There could also be differences in RIAA equalization, but if none of them are terrible you might not notice any difference without careful (level-matched) A/B listening, and that's not easy unless you have two turntables with identical cartridges and two copies of the record... (Or you could make digital recordings to compare.) And if you do hear a difference in EQ you probably won't know which one is right... I once built a phono preamp and it had "enhanced bass" but I didn't know until I compared it to a "proper" phono preamp, and to me mine sounded better!!! (My speakers were probably a little wimpy in the bass.)

But if you are listening to older records their EQ/frequency varies a lot. As with everything else vinyl, the record is the weak link. So if the RIAA EQ (or cartridge frequency response) is not as important as you might think. I assume newer records are better and more consistent but I haven't bought a record since I got my 1st CD player. ;)

It very unlikely that you'd have any audible distortion from the preamp. Again, the record is the weak link.
 

sq225917

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I'd say that there's quite a bit of potential difference between phonostages, but you may have a selection that are much of a muchness.

I've just build an Emerald, mm/mc stage and it's very different to my Paradise. On simple stuff there's not much between them, but once the music gets busy, rhythmically complex and more dynamic the Emerald gets all congested and seems to run out of steam, the Paradise is utterly unfazed and just keeps on trucking.
 

BDWoody

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Nice. How good is the "magic" feature that reduces pops & clicks? You recall playing around with that much?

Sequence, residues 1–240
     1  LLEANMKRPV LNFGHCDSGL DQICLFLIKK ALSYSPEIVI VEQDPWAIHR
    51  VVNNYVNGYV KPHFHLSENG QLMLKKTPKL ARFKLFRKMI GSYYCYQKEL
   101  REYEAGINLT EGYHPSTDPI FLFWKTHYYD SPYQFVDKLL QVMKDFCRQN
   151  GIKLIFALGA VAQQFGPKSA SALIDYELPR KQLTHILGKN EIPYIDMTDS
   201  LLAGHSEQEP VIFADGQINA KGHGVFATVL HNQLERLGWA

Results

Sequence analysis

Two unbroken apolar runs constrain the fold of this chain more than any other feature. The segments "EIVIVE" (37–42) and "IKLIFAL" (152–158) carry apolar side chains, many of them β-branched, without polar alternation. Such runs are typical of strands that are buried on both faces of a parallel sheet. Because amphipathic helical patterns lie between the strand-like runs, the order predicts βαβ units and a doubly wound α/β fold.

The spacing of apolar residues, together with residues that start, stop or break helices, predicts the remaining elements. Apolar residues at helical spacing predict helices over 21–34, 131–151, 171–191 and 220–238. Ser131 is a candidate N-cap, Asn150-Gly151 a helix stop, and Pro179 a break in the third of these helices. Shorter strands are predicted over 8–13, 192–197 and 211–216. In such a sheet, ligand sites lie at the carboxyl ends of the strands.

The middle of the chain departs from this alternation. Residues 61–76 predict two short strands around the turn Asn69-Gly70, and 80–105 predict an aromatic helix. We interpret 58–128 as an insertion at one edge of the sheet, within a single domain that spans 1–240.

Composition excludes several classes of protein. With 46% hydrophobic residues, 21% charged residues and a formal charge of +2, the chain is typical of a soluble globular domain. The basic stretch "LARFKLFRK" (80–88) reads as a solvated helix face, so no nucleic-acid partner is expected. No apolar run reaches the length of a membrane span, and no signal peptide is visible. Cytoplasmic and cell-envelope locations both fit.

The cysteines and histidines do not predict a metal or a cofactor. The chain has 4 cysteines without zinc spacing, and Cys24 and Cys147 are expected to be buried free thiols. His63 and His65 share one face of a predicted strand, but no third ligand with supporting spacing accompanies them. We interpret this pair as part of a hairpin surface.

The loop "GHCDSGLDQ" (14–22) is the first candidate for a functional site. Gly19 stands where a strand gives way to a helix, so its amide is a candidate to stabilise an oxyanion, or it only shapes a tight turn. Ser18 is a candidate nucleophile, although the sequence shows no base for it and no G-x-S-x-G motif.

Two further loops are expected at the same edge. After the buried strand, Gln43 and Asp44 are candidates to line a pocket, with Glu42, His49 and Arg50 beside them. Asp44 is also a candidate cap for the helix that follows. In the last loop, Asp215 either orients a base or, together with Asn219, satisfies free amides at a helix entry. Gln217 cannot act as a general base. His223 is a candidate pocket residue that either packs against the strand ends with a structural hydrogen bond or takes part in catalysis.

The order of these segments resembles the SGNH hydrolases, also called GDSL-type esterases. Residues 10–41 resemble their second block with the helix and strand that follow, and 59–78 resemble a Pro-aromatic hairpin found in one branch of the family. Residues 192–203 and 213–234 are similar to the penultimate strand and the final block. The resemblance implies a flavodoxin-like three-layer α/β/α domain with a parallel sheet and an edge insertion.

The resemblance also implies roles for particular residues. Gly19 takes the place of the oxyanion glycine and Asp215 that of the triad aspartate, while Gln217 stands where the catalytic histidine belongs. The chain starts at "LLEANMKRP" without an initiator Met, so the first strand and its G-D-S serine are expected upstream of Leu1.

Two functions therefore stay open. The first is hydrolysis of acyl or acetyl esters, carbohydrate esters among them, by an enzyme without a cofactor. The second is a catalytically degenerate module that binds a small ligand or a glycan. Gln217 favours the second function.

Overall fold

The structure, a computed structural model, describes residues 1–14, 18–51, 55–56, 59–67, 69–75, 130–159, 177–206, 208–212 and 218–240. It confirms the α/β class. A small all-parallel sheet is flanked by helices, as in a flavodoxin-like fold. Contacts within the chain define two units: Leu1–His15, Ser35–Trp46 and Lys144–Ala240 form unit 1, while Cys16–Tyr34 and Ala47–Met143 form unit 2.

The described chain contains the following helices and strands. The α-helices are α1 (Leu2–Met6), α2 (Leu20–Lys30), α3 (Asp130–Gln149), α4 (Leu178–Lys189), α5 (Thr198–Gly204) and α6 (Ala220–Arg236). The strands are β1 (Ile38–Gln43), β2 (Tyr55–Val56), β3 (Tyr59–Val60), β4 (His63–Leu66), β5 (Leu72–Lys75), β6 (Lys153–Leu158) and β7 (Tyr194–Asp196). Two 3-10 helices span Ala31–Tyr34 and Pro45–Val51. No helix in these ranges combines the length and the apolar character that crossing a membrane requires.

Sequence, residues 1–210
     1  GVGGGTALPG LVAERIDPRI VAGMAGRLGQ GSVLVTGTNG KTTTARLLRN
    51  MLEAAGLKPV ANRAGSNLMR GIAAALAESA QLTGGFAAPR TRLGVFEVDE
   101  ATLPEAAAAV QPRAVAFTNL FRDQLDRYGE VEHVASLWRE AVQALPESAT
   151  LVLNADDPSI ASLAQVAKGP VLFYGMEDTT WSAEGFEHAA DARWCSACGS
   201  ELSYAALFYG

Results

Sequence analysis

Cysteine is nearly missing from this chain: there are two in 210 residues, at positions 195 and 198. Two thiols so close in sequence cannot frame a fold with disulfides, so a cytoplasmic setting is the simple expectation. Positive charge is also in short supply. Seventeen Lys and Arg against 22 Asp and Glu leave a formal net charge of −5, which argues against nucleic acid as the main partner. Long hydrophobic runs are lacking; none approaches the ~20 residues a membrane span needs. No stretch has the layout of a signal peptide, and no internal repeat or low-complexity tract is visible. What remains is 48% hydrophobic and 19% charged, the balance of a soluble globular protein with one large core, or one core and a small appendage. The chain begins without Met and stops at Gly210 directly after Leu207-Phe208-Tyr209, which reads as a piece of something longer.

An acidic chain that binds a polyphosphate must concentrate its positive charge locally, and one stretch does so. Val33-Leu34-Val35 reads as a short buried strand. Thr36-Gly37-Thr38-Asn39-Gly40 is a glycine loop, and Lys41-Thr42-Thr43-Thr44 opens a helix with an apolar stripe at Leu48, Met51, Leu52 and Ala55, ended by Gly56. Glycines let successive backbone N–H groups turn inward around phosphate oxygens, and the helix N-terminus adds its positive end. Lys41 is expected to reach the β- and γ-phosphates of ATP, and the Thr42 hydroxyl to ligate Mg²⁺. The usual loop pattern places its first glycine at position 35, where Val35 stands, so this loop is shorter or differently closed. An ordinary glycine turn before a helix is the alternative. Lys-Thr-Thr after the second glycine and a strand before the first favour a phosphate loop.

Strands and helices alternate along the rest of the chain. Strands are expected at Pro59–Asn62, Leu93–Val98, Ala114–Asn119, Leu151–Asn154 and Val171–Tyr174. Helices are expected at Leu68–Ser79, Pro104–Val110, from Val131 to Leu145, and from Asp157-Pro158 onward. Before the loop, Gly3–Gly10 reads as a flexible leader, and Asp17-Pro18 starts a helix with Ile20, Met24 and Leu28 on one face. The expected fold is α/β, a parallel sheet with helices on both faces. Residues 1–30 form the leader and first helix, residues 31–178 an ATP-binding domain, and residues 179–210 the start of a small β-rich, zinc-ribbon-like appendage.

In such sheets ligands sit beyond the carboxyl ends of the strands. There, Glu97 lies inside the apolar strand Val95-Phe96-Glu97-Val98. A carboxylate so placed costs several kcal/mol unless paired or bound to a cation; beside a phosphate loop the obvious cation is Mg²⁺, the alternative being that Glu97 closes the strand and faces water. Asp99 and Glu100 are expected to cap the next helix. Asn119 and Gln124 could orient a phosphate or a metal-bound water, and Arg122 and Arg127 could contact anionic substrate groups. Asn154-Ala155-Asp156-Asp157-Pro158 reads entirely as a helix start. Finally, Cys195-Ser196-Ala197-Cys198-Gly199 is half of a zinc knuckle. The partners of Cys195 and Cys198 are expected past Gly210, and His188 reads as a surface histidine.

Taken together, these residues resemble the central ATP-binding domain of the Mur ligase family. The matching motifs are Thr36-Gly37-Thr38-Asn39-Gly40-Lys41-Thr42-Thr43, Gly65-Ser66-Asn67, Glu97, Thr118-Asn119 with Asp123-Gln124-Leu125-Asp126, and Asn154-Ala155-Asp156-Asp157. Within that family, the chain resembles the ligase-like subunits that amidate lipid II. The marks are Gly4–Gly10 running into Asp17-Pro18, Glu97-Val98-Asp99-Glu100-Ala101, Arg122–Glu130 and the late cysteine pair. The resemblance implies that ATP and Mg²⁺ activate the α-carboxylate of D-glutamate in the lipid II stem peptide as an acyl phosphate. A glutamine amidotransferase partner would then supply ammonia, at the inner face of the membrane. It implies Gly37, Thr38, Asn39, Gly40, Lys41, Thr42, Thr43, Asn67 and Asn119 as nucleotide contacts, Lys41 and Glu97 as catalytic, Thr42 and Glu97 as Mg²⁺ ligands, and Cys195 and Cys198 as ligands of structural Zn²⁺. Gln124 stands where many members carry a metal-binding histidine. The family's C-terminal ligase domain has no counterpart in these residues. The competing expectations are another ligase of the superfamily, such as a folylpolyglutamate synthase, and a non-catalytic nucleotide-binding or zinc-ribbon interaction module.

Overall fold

I have a few noisy records that it did seem to help with, but honestly I haven't *really* played with that feature much.
 
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d3miller

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All that money would pay for decades of streaming from any of the major streaming services that all provide better sound quality than vinyl and have virtually all (relevant) recorded music.
Yeah, for sure. 100% agree with you, but I don't feel like anyone these days listens to vinyl for the sound quality over digital. I do subscribe to Apple Music, and stream lossless in various places in my home and have a desktop Schiit DAC/AMP + Audeze headphone setup (getting me up to 24-bit/192 kHz) for while I'm working.

I'm trying out vinyl because I'm sick of being tied to screens. I work in tech and basically staring at a screen all day, and am really trying to limit my screen time outside of work. But I love music and this hobby brings me happiness.

It's all new to me, but I love the whole process of vinyl. I love going to my local neighborhood record shop and discovering new music, cheap finds, and even things that I already stream digitally. It forces me to tune in, pay attention to the music, the artist, and their story. Flipping a record, turning a physical volume knob, reading the album booklets as I listen--it's so much more enjoyable to me.

I'm also trialing (Tidal + Qobuz) --> Roon because I feel like it gets me a little closer to that experience with their interface. I'm not sure if I'll keep it though, as that's basically 4 music subscriptions in total, plus the cost of a Roon Core (I'm running from my laptop for now but that's super inconvenient).

-Daniel
 
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d3miller

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The differences in cartridges are probably 2 orders of magnitude greater than the differences in electronics.
Interesting. I think you've sent me down another rabbit hole... This TT came with the Sumiko Rainier, which seems to be decent. I hear the Ortofon 2M Black is one of the better MM cartridges you can get, but not sure yet if I'm ready to go down that route yet.